Three years ago I began studying an obscure tool called the Enneagram.  With a BA in Psychology, I tend to be a little skeptical of personality tests, especially those with little scientific data to back them up. The Enneagram wasn’t designed by some PhD.  Its’ reliability hasn’t been indisputably proven statistically significant. In fact, there’s much disagreement on whether an actual “test” is a good way to use the tool. Instead, it’s believed to have ancient roots, passed down through centuries of stories and traditions.  Currently, it’s experiencing such an explosive Renaissance of interest; I’m afraid to say it’s practically reached fad status.

So why have I adopted it as a core tool in both my personal and professional life?  It’s simple. I’ve found this to be the most transformational tool I’ve worked with.  Yes, there are lots out there, but I haven’t connected with them or found them to be as practical in moving people toward sustainable growth.  I’ve experienced a wonderful juxtaposition of experiences and emotions from using it: shame and freedom, ugliness and beauty, pain and healing, fear and courage.  It has revealed, with great clarity, that my strengths are also my weaknesses. It has stripped away illusions and allowed me to begin to see glimpses of who I really am. Those glimpses give me the freedom to make new choices toward growth and wholeness.

The Enneagram distinguishes 9 core types.  Each type represents a beautiful strength at its core.  We latch on to one of these types’ strengths and distort it in order to attempt to get our needs met in this broken world.  For a while the distortion serves us well. Unfortunately, we end up forgetting it’s only a distortion and cling to it as our core Truth.  But the more we go through life, the distortion becomes less helpful and cages us in. It no longer serves us as well – relationships can become damaged, success may not be as easily achieved, or we may find ourselves feeling empty and disillusioned.

I know, I know – heady stuff.  Let me give you a practical example.  I’m a Type 1. The beautiful strengths of that type are:  discernment, high personal integrity, and being moral, ethical, just, responsible, principled, and dependable.

Distorted, those strengths become:  highly dogmatic, intolerant, self-righteous, inflexible, judgmental, and hypocritical.  Ouch! Those are hard to acknowledge!

I can easily vacillate between these two extremes depending on the situation, audience, how tired I am, or anything in between.

What the Enneagram has done for me (and my clients) is help me wake up to how I compulsively act out the distortions in my everyday life. Through greater self-awareness of these distortions, I have the ability to intentionally choose to lean in to the strengths more.

Here’s an example where this played out in the real world.  I found an associate’s behavior “unacceptable, unprofessional, and inappropriate.”  I had a difficult time being in the same room with him because I was so mired in judgment, disgust, and self-righteousness.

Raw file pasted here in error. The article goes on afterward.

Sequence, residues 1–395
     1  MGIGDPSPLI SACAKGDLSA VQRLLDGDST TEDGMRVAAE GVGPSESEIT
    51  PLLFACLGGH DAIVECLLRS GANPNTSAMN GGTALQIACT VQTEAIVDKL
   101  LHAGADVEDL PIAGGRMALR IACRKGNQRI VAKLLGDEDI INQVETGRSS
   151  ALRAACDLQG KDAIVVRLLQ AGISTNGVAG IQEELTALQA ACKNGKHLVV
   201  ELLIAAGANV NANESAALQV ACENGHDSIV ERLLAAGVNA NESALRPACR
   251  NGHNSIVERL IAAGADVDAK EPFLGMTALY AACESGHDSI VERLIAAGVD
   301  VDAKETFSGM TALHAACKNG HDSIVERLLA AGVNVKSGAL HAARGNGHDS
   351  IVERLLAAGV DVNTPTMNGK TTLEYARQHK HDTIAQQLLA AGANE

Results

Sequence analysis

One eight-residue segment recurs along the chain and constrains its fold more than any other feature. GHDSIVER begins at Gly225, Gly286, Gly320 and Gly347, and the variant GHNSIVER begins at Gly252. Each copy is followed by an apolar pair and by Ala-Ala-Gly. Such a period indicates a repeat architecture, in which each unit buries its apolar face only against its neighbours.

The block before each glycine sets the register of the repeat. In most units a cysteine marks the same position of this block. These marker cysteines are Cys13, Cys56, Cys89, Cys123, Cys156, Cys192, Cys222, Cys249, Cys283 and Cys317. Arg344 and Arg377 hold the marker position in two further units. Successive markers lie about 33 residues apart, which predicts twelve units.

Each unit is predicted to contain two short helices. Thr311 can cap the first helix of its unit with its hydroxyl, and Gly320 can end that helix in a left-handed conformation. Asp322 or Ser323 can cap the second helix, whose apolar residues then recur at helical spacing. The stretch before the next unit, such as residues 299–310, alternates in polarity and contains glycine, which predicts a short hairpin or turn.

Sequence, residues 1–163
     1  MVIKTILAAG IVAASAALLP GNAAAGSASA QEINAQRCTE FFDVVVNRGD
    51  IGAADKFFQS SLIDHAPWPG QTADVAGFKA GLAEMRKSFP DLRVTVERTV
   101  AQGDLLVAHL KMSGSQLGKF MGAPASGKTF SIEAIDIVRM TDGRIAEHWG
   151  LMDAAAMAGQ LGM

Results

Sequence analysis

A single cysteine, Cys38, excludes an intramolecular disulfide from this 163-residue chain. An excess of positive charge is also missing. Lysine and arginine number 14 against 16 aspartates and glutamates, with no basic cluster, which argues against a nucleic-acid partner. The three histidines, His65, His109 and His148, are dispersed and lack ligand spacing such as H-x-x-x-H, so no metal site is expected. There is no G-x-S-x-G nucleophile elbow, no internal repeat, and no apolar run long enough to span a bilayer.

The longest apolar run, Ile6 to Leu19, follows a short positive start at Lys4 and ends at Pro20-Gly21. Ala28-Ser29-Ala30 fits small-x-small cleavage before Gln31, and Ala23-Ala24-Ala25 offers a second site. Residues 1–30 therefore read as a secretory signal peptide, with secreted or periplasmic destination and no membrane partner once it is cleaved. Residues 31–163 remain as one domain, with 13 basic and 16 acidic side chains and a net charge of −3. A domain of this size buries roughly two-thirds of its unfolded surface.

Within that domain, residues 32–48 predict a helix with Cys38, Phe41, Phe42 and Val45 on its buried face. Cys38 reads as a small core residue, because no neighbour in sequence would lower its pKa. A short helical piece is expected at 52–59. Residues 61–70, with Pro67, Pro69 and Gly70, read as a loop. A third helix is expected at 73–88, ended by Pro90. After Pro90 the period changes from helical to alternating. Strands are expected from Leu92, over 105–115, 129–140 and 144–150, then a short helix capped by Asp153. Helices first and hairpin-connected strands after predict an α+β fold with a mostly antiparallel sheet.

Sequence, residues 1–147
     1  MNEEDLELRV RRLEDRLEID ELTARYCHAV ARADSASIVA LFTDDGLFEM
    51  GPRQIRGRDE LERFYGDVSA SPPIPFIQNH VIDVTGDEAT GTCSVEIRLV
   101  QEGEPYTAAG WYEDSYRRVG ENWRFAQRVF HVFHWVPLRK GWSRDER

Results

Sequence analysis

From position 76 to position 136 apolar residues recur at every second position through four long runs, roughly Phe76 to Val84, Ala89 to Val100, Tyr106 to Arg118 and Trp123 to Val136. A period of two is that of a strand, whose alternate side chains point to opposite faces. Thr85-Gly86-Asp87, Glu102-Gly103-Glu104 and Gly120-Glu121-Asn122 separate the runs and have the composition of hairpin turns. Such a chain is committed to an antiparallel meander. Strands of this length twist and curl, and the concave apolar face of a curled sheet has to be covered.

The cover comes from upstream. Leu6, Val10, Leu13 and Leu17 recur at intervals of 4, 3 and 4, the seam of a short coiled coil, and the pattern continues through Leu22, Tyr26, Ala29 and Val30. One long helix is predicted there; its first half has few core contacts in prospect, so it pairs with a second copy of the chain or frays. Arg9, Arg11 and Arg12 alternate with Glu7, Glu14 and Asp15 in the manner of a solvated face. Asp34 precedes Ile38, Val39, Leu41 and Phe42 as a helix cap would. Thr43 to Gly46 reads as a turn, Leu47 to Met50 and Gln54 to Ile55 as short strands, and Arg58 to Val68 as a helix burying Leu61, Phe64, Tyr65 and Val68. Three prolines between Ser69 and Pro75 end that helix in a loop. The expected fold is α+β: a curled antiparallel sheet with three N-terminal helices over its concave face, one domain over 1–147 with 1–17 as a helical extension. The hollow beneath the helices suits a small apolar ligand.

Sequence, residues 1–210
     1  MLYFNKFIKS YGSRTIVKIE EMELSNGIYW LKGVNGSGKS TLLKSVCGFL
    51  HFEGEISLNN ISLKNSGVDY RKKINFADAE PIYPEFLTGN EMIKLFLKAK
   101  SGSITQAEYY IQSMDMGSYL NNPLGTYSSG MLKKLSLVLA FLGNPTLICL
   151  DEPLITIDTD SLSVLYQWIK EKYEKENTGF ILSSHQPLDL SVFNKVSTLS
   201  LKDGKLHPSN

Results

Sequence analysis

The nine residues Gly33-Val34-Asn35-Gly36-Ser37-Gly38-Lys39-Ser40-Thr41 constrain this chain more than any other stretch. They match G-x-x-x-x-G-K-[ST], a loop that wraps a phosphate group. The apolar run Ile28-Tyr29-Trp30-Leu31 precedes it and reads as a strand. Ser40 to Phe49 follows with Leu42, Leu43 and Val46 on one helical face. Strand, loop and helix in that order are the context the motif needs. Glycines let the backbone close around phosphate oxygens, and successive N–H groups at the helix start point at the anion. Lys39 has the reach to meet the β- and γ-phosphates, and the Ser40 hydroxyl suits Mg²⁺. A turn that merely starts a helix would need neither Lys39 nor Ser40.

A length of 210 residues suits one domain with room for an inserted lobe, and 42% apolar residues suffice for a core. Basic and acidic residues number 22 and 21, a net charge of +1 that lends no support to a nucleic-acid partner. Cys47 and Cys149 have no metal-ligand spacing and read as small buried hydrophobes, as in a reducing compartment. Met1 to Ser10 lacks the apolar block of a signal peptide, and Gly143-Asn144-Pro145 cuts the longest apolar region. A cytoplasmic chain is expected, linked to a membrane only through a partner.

I felt completely justified in how I felt and was unable to see how unprofessional I was being. Fortunately, I had some people close to me gently point out what they were observing in my behavior.  It was like being hit by a Mack truck!!! Where were the compassion, professionalism, and integrity in my reaction?

Because of work I’ve done with the Enneagram, I was eventually able to identify what was triggering me, and I began making intentional decisions to improve my relationship with this associate. I was then able to see past his negative behaviors and view him as a whole person.

The critical aspect of this change wasn’t just the action I took to change my behavior, but the internal shift for me.  Because being ethical and loving people well are some of my highest values, I was able to choose to see him differently.  By leaning in to my values, the behavioral changes were just a natural result. There was no white-knuckling it or fake smiling when I was around him.  There was a genuine regard for him as a human being.

This is the power of the Enneagram.  Its knowledge changes us from the inside out.  I’ve been privileged to walk beside many others as those transformations occurred in them as well.  I’ve witnessed a bitter and frustrated mother forgive an addicted son and restore their relationship.  I’ve seen a CEO choose to value his people’s growth over his own success. I’ve watched a leader courageously step into conflict because he knew it’s what his team needed from him.

How about you?  What changes have you been trying to make over and over again, only to revert back to old behavior?  You don’t have to stay stuck. Give me a call. I’d be happy to talk more about the power behind the Enneagram.  It’s so much more than the latest fad in personal development.

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